Someone said, it’s never too soon to start your Christmas shopping. (I think it was one of my kids.) 

   These anthologies make wonderful gifts, filled with timeless stories that are wonderful reads all year long. Bonus points: Part of the proceeds of three of them benefits charities.


   THE DAWGSTAR is available as an eBook from the etailers listed here... https://books2read.com/u/3LRRG5
and as a paperback  Amazon Buy Now

   DEATH ON THE YAMPA is available as an eBook from multiple etailers...  https://books2read.com/u/bxe1AP
as a paperback  Buy Paperback Yampa
and as a #SCREAM, series phone app. There are a lot of authors and their mystery/suspense stories available on #SCREAM. All you do is load up the app and search for the author’s name.
§§
   Draft2Digital tells me that you can ask your local library to order my eBooks for you. You’ll need to give them the ISBN number of the title you want to borrow. I’ve listed mine below.
THE DAWGSTAR … ISBN 978-17369146-0-1
DEATH ON THE YAMPA … ISBN 978-1-7369146-1-8
§§
   That’s it for today’s post. You-all guys keep on keeping on, and I’ll try to do the same.

cj
 
P.S. TO ORDER any book of your choice on-line and support an indie bookstore, contact The Haunted Bookshop here: https://www.thehauntedbookshopmobile.com/contact-us
   If you’d like me to autograph or personalize one of my books for you, be sure to tell them, and I’ll run by the shop.
   The Haunted Bookshop has re-opened to limited hours (and they have an awesome bookstore kitty, Mr. Bingley), so if you’re in the Mobile area, you can stop and shop, too.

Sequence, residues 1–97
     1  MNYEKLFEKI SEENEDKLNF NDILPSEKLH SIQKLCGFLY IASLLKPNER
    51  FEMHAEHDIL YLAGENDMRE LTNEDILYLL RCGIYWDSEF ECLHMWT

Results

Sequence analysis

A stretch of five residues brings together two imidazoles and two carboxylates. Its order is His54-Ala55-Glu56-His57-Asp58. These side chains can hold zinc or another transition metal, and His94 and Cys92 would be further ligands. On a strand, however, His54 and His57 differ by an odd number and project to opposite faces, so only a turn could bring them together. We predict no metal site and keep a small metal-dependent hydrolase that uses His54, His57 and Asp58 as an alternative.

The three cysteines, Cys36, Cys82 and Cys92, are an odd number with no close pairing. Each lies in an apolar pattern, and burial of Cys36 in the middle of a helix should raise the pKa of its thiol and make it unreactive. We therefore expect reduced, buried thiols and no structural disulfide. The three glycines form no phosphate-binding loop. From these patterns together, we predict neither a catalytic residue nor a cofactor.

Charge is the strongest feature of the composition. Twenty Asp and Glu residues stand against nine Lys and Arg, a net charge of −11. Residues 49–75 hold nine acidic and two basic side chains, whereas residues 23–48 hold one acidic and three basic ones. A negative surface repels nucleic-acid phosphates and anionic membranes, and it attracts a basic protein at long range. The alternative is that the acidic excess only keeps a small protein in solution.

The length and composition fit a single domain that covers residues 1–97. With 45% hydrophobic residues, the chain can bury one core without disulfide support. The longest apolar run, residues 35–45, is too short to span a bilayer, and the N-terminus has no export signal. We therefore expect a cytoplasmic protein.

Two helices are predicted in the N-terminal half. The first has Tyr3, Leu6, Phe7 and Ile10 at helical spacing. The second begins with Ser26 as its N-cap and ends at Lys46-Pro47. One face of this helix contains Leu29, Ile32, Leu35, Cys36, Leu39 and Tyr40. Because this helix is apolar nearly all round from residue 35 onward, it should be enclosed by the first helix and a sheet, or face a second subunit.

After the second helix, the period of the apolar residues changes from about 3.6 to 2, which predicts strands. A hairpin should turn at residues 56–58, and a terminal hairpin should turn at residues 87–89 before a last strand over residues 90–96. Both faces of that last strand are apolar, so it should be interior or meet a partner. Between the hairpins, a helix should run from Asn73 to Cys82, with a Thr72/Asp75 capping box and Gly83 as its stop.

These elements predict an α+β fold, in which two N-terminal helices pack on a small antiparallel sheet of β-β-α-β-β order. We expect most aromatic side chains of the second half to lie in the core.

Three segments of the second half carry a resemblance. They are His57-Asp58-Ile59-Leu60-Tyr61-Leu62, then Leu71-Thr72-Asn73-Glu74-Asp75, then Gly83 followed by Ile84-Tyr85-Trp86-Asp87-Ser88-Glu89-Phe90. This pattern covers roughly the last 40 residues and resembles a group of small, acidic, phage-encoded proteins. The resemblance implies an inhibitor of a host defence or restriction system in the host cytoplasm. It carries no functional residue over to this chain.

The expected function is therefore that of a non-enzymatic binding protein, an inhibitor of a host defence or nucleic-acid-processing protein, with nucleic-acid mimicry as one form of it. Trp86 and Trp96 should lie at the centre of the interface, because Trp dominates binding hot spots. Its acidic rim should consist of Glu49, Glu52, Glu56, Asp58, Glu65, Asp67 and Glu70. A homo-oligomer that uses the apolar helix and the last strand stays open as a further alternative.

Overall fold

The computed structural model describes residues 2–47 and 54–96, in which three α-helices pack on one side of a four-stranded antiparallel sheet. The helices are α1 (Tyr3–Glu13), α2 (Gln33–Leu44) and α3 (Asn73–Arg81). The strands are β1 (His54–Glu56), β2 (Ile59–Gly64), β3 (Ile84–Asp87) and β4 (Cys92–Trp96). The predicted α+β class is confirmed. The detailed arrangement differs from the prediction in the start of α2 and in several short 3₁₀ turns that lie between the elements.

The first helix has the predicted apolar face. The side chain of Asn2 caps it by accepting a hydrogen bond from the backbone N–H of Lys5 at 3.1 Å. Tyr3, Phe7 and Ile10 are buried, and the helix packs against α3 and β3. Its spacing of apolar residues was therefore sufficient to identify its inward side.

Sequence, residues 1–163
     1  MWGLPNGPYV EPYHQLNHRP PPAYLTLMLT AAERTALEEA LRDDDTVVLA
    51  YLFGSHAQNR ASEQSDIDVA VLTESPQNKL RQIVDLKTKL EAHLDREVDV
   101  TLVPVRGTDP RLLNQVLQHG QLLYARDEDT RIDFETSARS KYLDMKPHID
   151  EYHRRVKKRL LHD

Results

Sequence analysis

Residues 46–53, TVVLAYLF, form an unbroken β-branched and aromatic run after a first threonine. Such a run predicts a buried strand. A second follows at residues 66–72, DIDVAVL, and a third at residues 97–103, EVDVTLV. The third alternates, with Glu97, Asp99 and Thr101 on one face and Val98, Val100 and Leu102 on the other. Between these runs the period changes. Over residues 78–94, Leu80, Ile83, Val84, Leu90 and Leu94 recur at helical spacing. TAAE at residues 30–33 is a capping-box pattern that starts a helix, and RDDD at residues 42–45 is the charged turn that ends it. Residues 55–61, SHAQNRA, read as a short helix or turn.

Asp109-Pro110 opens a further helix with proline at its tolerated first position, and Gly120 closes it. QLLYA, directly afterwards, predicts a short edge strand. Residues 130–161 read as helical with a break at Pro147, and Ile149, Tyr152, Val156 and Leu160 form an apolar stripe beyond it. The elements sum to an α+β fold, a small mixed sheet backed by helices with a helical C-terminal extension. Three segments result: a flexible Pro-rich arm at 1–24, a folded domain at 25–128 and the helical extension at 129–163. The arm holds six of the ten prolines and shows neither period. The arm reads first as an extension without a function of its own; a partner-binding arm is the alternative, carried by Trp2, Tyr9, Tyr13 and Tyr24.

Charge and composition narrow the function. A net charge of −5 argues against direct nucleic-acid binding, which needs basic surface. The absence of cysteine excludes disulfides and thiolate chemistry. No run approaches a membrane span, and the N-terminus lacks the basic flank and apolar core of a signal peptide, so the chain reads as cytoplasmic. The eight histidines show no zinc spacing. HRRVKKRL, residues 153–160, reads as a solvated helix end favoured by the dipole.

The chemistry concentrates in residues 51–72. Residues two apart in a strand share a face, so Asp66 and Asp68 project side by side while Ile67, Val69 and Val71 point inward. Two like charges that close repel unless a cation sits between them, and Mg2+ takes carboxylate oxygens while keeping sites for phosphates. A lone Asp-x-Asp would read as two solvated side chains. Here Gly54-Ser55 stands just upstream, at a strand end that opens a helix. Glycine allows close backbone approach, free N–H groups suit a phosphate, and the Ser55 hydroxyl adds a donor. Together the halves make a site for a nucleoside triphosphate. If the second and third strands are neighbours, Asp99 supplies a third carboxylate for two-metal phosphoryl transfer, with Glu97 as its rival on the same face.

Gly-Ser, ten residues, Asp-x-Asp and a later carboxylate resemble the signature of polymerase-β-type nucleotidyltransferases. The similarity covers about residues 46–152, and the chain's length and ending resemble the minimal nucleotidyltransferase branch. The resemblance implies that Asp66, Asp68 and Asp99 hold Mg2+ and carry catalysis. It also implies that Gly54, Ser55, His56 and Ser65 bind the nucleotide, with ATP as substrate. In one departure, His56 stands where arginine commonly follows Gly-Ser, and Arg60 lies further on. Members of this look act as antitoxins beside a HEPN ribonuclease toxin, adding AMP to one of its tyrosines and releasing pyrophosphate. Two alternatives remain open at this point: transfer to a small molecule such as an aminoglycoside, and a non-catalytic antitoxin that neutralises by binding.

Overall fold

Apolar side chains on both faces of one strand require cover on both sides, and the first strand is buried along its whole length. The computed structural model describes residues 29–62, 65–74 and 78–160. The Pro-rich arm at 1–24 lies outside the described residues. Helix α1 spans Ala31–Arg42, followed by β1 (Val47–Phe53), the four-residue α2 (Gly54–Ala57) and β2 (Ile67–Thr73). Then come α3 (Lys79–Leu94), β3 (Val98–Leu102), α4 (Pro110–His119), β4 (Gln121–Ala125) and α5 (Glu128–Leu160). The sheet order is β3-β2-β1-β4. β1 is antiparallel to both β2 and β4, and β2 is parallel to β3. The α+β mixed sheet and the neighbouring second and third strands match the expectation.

Follow me . . .     
on Amazon:    Amazon Central Author Page
on Goodreads: https://bit.ly/3fcN3h6

 

Sunday, July 18, 2021

AGATHA AWARDS WINNERS

cj Sez: Applause and congratulations to the 2021 Malice Domestic* Agatha Awards Winners!


   When the pandemic necessitated cancelling the in-person Malice Domestic in 2020 and then again in 2021, the Malice Board of Directors decided the second cancellation gave the organization an opportunity to try something new . . . ergo, MORE THAN MALICE, a virtual Malice Domestic Festival, was born. The idea was to fill the in-person conference void “by allowing their community to gather in a virtual environment for a fun and informative weekend.”

   And it worked. This year’s winners were announced July 17 at “More than Malice,” the virtual Malice Domestic Festival.

   For your reading enjoyment, here’s a list of the winning stories and their award-winning authors (maybe your favorite is among the winners):

Best Contemporary Novel
   All the Devils are Here, by Louise Penny (Minotaur)
Best Historical Novel 
   The Last Mrs. Summers, by Rhys Bowen (Berkeley)
Best First Novel
   Murder at the Mena House, by Erica Ruth Neubauer (Kensington)